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My company has created GraphPad Prism, a widely used program for scientists to analyze data and make technical graphs. Often scientists will export graphs from GraphPad Prism for submission to scientific journals. The format most journals want these days is EPS, and we export vector-based EPS files. But fonts are an issue.

We offer an option to "embed" fonts into the EPS file. What we mean by this is that text is converted to outlines or glyphs. These EPS files can be opened on other computers that lack the original fonts. But the journal production people can't edit the text, change font size, etc. when they work on these EPS files.

My programmers tell me that the term "embedding fonts" means exactly what we do -- convert to outlines/glyphs.

The people at a company that does page production for many scientific journals use a different definition of "embed". They want text to remain as text in the EPS file, but for the font definitions to be included in the EPS file. That way they don't need the original fonts, but can tweak spelling, font size, and even change fonts while preparing an EPS image for publication.

My programmers tell me that that second definition of "embed" is an Adobe-specific method not available to us.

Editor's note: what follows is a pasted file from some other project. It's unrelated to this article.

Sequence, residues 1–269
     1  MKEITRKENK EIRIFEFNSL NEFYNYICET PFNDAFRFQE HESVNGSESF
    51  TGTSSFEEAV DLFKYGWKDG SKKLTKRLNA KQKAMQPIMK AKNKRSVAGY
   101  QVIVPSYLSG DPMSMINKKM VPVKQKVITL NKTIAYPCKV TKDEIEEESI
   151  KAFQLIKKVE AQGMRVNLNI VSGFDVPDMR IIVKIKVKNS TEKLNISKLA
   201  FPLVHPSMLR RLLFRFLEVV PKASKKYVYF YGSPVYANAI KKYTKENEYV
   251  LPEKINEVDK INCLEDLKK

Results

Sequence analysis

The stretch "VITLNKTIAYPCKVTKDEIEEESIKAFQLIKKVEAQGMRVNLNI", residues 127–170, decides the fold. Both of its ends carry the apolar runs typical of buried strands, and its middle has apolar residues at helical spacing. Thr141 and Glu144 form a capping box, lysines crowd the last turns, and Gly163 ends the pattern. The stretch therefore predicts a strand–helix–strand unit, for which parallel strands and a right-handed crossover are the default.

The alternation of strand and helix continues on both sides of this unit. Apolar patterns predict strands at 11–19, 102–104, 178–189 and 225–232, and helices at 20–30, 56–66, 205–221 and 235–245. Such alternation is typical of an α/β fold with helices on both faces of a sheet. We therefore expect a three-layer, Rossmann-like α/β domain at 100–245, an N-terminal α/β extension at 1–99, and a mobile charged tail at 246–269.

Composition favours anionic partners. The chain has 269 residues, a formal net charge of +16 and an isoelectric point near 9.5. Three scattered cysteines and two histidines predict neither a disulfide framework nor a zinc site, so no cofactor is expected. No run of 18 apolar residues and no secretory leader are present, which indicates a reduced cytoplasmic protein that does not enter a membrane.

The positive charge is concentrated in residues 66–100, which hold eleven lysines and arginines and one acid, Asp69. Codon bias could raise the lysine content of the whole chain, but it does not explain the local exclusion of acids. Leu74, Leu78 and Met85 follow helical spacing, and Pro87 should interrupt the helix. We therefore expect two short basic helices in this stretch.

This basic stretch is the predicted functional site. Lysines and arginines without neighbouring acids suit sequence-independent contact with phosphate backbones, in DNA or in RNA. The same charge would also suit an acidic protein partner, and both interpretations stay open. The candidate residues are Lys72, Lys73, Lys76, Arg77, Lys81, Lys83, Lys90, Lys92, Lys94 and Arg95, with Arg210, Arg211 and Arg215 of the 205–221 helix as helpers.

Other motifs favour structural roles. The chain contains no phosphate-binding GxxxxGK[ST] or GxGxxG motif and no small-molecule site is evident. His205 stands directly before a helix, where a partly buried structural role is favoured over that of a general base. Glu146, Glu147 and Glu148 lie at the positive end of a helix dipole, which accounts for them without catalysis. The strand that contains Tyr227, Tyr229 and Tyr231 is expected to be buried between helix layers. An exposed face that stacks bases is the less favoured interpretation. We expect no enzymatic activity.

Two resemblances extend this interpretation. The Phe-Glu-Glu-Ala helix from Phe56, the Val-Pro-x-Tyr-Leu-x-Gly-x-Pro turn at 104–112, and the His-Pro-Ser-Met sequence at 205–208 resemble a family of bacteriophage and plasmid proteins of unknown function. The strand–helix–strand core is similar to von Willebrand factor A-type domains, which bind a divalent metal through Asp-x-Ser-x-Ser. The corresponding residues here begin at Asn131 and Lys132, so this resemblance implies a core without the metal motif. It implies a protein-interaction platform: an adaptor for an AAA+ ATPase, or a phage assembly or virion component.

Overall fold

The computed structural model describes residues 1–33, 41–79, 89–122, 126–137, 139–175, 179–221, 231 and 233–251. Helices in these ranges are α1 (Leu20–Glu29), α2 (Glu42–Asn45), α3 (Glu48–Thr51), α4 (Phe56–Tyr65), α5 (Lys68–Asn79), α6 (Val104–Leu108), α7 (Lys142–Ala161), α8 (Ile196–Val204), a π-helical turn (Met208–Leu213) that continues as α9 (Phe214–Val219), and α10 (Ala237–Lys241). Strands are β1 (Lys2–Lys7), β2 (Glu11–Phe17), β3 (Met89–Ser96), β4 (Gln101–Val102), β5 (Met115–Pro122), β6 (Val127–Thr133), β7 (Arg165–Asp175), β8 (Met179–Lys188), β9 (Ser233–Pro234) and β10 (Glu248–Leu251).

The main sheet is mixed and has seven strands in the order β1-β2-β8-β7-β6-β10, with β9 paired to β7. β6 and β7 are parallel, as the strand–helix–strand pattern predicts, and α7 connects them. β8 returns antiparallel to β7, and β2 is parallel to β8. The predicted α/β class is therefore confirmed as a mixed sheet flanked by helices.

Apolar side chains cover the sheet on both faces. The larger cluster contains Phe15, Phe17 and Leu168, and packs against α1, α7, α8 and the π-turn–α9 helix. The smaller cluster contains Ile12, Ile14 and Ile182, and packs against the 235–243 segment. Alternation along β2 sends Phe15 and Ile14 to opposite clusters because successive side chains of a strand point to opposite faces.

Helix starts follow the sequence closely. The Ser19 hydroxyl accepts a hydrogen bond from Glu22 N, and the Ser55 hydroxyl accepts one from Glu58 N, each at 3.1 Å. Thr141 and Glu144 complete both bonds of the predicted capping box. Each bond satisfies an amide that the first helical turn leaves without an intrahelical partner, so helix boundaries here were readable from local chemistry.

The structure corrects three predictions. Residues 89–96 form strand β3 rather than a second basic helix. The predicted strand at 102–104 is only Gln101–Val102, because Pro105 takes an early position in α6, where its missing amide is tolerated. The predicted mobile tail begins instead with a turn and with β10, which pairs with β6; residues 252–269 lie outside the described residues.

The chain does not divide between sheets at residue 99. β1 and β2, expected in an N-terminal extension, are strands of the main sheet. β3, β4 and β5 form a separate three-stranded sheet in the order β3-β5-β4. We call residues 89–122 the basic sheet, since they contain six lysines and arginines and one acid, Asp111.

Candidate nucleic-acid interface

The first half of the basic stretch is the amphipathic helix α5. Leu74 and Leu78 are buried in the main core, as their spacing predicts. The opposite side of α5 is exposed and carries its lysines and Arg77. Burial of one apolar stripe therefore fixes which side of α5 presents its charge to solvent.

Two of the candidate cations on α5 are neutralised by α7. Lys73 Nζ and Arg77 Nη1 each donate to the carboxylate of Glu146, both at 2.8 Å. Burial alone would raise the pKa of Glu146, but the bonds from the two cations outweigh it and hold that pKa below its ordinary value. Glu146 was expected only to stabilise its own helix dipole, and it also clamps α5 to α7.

So my question is this: Where can we find specifications or example code to let us embed fonts into an EPS file using the second definition (leave text as text and also include the TrueType font definitions)?

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"My programmers tell me that the term "embedding fonts" means exactly what we do -- convert to outlines/glyphs."

Your programmers are, in my opinion, mistaken. In the print industry embedding fonts means embedding the font data as a font, not a series of vector linework. There are good reasons for maintaining fonts; file size, rendering performance, character hinting, drop-out correction etc.

"My programmers tell me that that second definition of "embed" is an Adobe-specific method not available to us. "

This is definitely not true and hasn't been since about 1990. The PostScript Language Reference Manual describes in some detail how to create fonts of many kinds, the 'black and white book' (I can't remember the name offhand) describes how to create quality type 1 fonts. The various tech notes from Adobe describe how to create fonts with type 2 (CFF) and CIDFonts with outlines of any of the preceding types.

You can also use 'type 42' fonts, which are essentially TrueType outlines. These are not quite the same as TrueType fonts, but they are very similar (the actual glyph descriptions are the same). It seems to me that this is what you want.

You can get an example of TrueType font inclusion by printing a document which uses TrueType fonts to a PostScript printer on FILE: under Windows, but you may find the code hard to follow.

Type 42 fonts are described on p346 of the 3rd edition PLRM, "Section 8.4.2 Type 42 fonts (TrueType)"

More detail is provided in Adobe Tech Note #5012 "The Type 42 Font Format Specification" This document (and many others) is available in PDF format from the Adobe web site.

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